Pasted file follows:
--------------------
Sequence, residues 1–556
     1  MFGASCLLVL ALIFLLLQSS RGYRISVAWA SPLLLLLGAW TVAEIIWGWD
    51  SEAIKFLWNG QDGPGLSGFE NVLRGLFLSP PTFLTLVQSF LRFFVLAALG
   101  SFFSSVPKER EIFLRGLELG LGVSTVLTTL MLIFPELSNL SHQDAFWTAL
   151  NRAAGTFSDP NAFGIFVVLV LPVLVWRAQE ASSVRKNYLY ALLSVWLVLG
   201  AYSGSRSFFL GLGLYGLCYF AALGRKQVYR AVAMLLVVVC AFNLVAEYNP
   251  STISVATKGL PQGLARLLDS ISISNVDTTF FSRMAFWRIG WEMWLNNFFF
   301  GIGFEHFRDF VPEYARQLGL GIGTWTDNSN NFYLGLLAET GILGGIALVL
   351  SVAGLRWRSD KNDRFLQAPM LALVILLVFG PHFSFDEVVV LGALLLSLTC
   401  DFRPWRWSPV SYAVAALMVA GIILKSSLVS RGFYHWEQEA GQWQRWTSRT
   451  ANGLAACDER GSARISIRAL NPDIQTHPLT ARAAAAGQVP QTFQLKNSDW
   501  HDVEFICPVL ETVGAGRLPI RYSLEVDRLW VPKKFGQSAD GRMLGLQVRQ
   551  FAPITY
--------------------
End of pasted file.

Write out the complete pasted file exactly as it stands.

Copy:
Sequence, residues 1–556
     1  MFGASCLLVL ALIFLLLQSS RGYRISVAWA SPLLLLLGAW TVAEIIWGWD
    51  SEAIKFLWNG QDGPGLSGFE NVLRGLFLSP PTFLTLVQSF LRFFVLAALG
   101  SFFSSVPKER EIFLRGLELG LGVSTVLTTL MLIFPELSNL SHQDAFWTAL
   151  NRAAGTFSDP NAFGIFVVLV LPVLVWRAQE ASSVRKNYLY ALLSVWLVLG
   201  AYSGSRSFFL GLGLYGLCYF AALGRKQVYR AVAMLLVVVC AFNLVAEYNP
   251  STISVATKGL PQGLARLLDS ISISNVDTTF FSRMAFWRIG WEMWLNNFFF
   301  GIGFEHFRDF VPEYARQLGL GIGTWTDNSN NFYLGLLAET GILGGIALVL
   351  SVAGLRWRSD KNDRFLQAPM LALVILLVFG PHFSFDEVVV LGALLLSLTC
   401  DFRPWRWSPV SYAVAALMVA GIILKSSLVS RGFYHWEQEA GQWQRWTSRT
   451  ANGLAACDER GSARISIRAL NPDIQTHPLT ARAAAAGQVP QTFQLKNSDW
   501  HDVEFICPVL ETVGAGRLPI RYSLEVDRLW VPKKFGQSAD GRMLGLQVRQ
   551  FAPITY